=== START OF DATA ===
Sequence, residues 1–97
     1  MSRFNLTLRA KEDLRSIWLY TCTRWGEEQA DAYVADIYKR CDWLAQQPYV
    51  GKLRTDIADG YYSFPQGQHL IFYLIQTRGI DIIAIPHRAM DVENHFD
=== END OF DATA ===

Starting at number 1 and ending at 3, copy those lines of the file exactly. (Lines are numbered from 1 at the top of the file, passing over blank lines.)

Sequence, residues 1–97
     1  MSRFNLTLRA KEDLRSIWLY TCTRWGEEQA DAYVADIYKR CDWLAQQPYV
    51  GKLRTDIADG YYSFPQGQHL IFYLIQTRGI DIIAIPHRAM DVENHFD